If you are one of many veterans considering using military benefits to pay for your education, you may be wondering if online college would be a good option for you. There are pros and cons to every issue, and this is no different. The unique concerns you face as a former or current member of the military impact whether online courses are right for you.
This is definitely an advantage for all non-traditional students, but it is especially useful for you as you deal with post-military schedules. If you are no longer on active duty, you probably have a full-time job. Military benefits can help you transition from a job to a career with the right education. Online programs allow you to study while keeping your employment. If your position is based on your military experiences, these programs can help you build on those skills to advance in your profession. Those who are still in the military usually move around a lot between bases. Distance learning can help you work on your degree wherever you are transferred.
Your military life probably accustomed you to working odd hours. You may be at your most alert at three in the morning. Online degree programs give you the freedom to put that time to good use studying. In addition, if you need to take a few days or even weeks off, your program will probably allow you to do that. This may not be the case in all programs however. Some online courses from traditional universities are taught in live time or have specific requirements for turning in assignments.
You may have encountered some difficult times in serving your country. Many people deal with PTSD and other emotional problems that make traditional classroom attendance daunting. You might not be ready for face-to-face classes. Being social doesn’t come easy for some people, and that is especially true after combat experience. Distance learning can help you earn the degree you need without fielding uncomfortable questions about your military service. It can help you avoid the anxiety many people face in crowded situations such as a university lecture hall.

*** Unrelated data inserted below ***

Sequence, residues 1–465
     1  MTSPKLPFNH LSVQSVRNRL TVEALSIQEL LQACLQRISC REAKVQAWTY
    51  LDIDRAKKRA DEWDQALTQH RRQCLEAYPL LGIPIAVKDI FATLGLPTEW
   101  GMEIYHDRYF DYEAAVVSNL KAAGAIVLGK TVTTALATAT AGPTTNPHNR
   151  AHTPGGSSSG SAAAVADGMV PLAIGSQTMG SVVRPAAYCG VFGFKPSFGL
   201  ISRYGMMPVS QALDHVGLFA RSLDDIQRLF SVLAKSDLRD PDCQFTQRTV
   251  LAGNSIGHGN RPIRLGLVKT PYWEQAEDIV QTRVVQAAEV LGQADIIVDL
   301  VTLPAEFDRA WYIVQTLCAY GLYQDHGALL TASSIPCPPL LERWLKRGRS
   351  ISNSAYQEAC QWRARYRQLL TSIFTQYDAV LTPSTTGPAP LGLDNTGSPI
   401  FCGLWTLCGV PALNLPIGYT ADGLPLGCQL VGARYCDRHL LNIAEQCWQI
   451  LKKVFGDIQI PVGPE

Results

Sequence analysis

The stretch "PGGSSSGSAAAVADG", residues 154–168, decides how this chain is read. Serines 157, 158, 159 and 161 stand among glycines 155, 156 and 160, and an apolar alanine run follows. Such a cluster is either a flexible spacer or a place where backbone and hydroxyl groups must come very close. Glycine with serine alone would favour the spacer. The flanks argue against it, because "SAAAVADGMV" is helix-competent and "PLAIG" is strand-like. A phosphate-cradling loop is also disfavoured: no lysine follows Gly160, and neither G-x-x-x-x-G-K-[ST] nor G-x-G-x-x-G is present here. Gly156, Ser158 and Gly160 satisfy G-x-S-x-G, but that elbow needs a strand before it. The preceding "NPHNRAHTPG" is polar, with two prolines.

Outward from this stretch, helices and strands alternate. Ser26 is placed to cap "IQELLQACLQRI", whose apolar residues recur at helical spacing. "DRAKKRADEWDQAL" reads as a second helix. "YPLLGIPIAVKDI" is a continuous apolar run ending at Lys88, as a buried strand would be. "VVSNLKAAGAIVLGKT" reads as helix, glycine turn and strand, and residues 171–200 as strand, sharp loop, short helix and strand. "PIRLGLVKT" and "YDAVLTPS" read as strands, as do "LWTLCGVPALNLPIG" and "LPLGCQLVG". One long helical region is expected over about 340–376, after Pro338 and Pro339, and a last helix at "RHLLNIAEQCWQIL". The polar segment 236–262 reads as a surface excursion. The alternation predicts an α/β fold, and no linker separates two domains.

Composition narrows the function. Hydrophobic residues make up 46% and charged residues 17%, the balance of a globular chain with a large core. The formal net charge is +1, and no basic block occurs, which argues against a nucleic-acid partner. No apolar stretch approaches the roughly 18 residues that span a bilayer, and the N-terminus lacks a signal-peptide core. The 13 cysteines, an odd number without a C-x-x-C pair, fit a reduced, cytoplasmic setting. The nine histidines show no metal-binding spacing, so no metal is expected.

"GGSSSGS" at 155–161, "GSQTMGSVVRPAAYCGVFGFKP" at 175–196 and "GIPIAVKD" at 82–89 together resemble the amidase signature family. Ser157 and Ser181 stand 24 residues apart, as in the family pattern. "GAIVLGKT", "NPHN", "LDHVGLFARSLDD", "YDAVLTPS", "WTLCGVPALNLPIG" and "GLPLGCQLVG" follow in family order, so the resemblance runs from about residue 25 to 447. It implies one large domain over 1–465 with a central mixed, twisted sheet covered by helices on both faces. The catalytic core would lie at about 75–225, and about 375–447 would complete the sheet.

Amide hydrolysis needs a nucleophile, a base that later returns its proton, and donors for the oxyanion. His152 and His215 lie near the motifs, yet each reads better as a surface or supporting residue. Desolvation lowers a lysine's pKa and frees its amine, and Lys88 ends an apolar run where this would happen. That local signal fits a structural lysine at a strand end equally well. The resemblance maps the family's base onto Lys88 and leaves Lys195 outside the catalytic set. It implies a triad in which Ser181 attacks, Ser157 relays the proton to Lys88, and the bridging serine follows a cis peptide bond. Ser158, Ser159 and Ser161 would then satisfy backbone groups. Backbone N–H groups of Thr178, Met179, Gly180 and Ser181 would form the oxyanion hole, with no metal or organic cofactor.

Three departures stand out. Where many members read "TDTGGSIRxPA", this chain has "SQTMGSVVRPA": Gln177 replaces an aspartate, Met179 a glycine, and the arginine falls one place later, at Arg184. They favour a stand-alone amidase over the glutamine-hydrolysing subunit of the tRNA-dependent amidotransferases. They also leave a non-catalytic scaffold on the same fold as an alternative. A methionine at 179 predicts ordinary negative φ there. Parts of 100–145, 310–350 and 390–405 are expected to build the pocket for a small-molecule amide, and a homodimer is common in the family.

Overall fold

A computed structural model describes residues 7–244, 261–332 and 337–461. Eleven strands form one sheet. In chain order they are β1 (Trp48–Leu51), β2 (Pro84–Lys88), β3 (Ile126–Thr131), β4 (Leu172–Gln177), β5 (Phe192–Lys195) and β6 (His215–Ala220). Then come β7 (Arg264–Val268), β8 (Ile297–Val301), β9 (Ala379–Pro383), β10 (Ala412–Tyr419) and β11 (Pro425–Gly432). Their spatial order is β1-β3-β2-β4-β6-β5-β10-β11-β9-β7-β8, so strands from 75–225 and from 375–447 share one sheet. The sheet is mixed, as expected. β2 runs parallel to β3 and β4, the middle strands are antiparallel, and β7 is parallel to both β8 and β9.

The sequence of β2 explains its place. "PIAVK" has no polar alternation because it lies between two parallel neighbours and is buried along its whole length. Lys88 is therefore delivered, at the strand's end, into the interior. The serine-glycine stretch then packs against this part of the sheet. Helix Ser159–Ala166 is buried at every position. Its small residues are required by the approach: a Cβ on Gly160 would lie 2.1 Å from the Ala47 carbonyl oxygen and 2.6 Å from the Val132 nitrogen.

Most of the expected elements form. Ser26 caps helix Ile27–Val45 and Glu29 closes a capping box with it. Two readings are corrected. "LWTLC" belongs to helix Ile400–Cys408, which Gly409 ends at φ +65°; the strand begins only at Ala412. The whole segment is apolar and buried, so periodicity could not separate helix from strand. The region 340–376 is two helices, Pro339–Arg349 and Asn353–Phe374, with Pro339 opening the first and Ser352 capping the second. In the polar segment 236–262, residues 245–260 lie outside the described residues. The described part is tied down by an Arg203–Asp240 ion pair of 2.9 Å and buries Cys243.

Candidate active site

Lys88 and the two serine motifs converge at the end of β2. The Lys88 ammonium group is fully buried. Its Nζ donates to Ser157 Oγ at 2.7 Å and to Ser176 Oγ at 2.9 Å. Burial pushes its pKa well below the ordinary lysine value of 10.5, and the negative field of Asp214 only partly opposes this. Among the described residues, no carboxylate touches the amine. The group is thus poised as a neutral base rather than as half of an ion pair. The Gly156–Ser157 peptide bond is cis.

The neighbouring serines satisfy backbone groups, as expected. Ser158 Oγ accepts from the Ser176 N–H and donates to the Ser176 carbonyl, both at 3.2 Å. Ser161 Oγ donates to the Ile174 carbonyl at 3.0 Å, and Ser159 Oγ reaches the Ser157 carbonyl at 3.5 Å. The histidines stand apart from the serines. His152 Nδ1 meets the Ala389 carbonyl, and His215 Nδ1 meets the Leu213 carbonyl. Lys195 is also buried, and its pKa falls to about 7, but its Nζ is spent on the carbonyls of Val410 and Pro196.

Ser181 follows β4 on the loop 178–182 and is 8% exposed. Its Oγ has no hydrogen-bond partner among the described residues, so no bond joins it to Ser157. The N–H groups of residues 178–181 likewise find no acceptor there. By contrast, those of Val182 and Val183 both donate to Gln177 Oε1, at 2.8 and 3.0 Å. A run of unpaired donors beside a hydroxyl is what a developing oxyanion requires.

If you are weighing the pros and cons of distance learning, you must be realistic about your life. You might be the kind of person who learns best in a traditional situation with peers and an instructor. You may need the support many traditional colleges offer in veterans groups. While some online schools have support chatrooms, the experience is not the same as sitting down for coffee with peers, or talking to a counselor. Online groups cannot offer the camaraderie found at traditional universities or the networking opportunities that may arise through them. In addition, you might be accustomed to having a rigid routine. Setting your own study schedule requires time management skills that many vets have not developed.
You deserve the best educational opportunity available to you, and your country can help you achieve your goals through military benefits. A realistic assessment of who you are, your skills and your limitations, will help you choose an educational path that is right for you. There are many fine programs offered through distance learning at both traditional and online institutions. Online degrees from accredited schools are generally equal to the degrees earned at traditional schools. Online college offers many advantages for veterans wanting to return to school.
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